Rogue's Gallery - Single Episodes
ROGUE'S GALLERYRogue's Gallery came to the Mutual network on September 27, 1945 with Dick Powell portraying Richard Rogue, a private detective who invariably ended up getting knocked out each week and spending his dream time in acerbic conversation with his subconscious self, Eugor. Rogue's Gallery was, in a sense, Dick Powell's rehearsal for Richard Diamond, Private Detective. Powell played private detective Richard Rogue, who trailed luscious blondes, protected witness, and did whatever else detectives do to make a living. It was a good series, though not destined to make much of a mark. Under the capable direction of Dee Englebach and accompanied by the music of Leith Stevens, Powell floated through his lines with the help of such competents as Lou Merrill, Gerald Mohr, Gloria Blondell, Tony Barrett, and Lurene Tuttle. Peter Leeds played Rogue's friend Eugor, an obscure play on names with Eugor spelling Rogue backwards. The gimmick in Rogue's Gallery was the presence of an alter ego, "Eugor," who arrived in the middle of the show to give Rogue enough information for his final deduction. Eugor was a state of mind, achieved when Rogue was knocked unconcious. Eugor would appear cackling like the host of Hermit's Cave and imparted some vital information the hero had overlooked. Rogue would then awaken with a vague idea of what to do next. Rogue's Gallery also starred different actors as Rogue, in later incarnations of the series, but Richard Powell was the most popular. This series preceded Richard Powell's most famous series, Richard Diamond, Private Detective. Rogue trailed lovely blondes and protected witnesses in the new tough guy persona of Dick Powell. This was the transition series for Powell in his quest to be recognized as an actor rather than a singer. It had some of the same cute elements that would make Richard Diamond a high spot four years later. During the summer of 1946, the show was billed as Bandwagon Mysteries, with a tip of the hat to the sponsor. In the summer of 1947, it was again revived on NBC Sundays for Fitch, with Barry Sullivan in the title role. In 1950 the character again turned up in a two-year sustainer on the ABC Wednesday-night schedule. Chester Morris played the lead. Chester Morris was the original Boston Blackie.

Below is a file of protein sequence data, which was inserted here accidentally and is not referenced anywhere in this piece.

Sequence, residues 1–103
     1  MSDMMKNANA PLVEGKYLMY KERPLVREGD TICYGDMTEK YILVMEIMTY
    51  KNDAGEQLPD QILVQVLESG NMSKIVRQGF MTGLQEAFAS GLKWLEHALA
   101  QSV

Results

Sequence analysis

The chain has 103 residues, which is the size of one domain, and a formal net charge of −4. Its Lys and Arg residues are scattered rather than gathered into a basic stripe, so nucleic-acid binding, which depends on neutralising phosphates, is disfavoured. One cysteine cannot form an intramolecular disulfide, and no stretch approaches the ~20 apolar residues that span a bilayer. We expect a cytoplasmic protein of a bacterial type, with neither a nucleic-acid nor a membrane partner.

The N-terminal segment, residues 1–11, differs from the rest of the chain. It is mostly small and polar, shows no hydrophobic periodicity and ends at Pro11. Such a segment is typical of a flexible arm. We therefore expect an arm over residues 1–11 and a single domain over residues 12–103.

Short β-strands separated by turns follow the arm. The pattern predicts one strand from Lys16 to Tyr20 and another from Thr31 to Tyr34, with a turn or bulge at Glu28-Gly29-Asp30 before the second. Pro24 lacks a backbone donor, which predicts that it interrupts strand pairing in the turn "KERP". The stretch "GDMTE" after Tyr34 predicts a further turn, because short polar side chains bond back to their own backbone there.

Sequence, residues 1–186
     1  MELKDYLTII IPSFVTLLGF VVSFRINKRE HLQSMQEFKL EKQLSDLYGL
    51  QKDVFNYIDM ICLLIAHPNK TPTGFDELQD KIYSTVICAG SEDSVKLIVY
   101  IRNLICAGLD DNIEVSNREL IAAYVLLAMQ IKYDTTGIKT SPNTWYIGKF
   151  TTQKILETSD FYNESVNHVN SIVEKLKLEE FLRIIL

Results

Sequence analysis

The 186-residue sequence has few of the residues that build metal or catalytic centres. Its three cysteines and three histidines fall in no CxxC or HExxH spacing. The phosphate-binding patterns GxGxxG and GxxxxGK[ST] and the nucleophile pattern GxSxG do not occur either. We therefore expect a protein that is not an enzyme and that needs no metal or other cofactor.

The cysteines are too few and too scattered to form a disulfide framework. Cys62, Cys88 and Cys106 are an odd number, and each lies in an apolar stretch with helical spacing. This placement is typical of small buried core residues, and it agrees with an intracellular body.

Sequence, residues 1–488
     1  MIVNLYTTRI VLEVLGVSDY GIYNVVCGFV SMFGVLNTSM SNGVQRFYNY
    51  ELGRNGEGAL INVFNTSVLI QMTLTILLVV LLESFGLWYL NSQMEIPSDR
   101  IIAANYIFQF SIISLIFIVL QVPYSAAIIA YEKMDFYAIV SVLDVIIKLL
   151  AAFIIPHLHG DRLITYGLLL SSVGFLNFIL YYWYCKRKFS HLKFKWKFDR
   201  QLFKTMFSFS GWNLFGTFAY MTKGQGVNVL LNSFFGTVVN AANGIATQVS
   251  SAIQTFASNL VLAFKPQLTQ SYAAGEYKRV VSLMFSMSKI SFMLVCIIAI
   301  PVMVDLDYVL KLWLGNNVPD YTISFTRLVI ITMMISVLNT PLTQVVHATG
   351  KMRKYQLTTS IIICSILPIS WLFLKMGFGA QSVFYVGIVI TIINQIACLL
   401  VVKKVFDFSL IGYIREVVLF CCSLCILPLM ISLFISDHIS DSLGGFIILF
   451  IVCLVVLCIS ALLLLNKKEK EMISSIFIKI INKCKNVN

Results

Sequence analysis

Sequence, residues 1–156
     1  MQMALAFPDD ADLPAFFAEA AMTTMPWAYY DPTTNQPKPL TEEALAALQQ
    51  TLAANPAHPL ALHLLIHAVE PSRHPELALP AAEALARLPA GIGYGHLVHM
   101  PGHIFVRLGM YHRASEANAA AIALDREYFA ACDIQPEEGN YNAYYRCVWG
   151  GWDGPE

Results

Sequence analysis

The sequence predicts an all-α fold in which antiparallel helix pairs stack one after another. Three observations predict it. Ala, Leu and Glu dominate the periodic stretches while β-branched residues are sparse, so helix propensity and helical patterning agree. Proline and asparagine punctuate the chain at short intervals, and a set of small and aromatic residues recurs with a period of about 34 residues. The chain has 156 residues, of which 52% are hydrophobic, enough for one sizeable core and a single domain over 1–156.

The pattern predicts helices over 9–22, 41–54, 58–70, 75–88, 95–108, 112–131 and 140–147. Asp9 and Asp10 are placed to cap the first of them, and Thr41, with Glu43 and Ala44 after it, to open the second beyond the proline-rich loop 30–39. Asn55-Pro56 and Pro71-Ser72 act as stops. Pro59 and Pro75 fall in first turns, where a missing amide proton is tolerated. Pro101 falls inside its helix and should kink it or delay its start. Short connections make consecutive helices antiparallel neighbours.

NOTE: Updated Release! Version 4 added "45-10-11 Murder in Drawing Room A" episode (16-Mar-2011).
NOTE: Updated Release! Version 3.1 added an episode "45-11-29 Little Old Lady", upgraded others, and fixed MP3 tags. (24-Jul-2010).From the Old Time Radio Researcher's Group. See "Note" Section below for more information on the OTRR.
This recording is part of the Old Time Radio collection.
Twenty episodes from this collection star Dick Powell and the remaining episode stars Barry Sullivan. When listening to the latter episode, the reviewer realizes how much Dick Powell adds to the character of Richard Rogue. Richard Rogue is a detective from the 1940's, tough guy, chases blondes, good persistent investigative skills, good wit and likes to have a good time. Many times he will turn down a case but, upon a monetary offer, he will take the case. However, his sensitivity does come through at times. His alter ego, Eugor adds an interesting touch to the program. Many of the programs have an interesting twist which helps Rogue solve the mystery. An interesting exchange occurs in the Nov. 8, 1945 program, when Rogue talks about how good an actress June Allison is. Lisa asks whether June Allison is prettier than she is. Rogue refuses to answer and starts singing "June is busting out all over." The only reason that I have not given the highest rating possible for this series is that the quality of a couple of the shows is not the best. However, the few problems do not detract from enjoying this series. Thanks to those who put together this fine collection.
Black-and-Blue Pate Special
Anything with Dick Powell is worth listening to. I love his delivery; I'm never quite sure how he'll read the next sentence or where he'll pause to take a breath. Great personality! Powell speaks quickly and confidently, but you'll hear him stumble a bit, like he's reading too far ahead (or like he needs glasses!) My favorite is in episode 54/Lady With a Gun: around 22:45 he starts having trouble, gets through the sentence and throws in a "Holy Christ!" It's funny how many shows (radio, movie &TV) of this time period, and well up to today, used the idea of knocking people out as part of the plot. And how many of us grew up believing how easy it was to do and that it wasn't permanently disabling. I was thinking that, with all the blows to Rogue's head, Powell's speech should have become progressively slurred throughout the show until he couldn't solve anything and was finally hospitalized.
Superb Audio Quality
The audio quality is superb. I'm guessing the shows were recorded on vertical discs because tape didn't come into practical use until 1948. The Archive levels are pretty consistent from show to show. Dick Powell makes some fluffs here and there. But that makes him human. I'm giving it the highest rating for acting, story and technical quality. HINT: Could someone please fetch THE FALCON series and put them on Archive?
A very fun series with good story lines and a talented cast if you haven't yet had the pleasure of listening to this you are in for a treat. If you are already familiar with the series then you are still in for a treat as the recording quality is very good.
Let's see, #1 Blondes is the same as #7 Blood on Sand, #10 Anson Leeds is the same as #14 Snowbound. And I forget which show #16 duplicates. It's the one with the train and the switched briefcases. Perhaps it's just a temporary glitch. Lovely show, anyway.
I love listening to this old time radio
Not quite Richard Diamond, almost as good.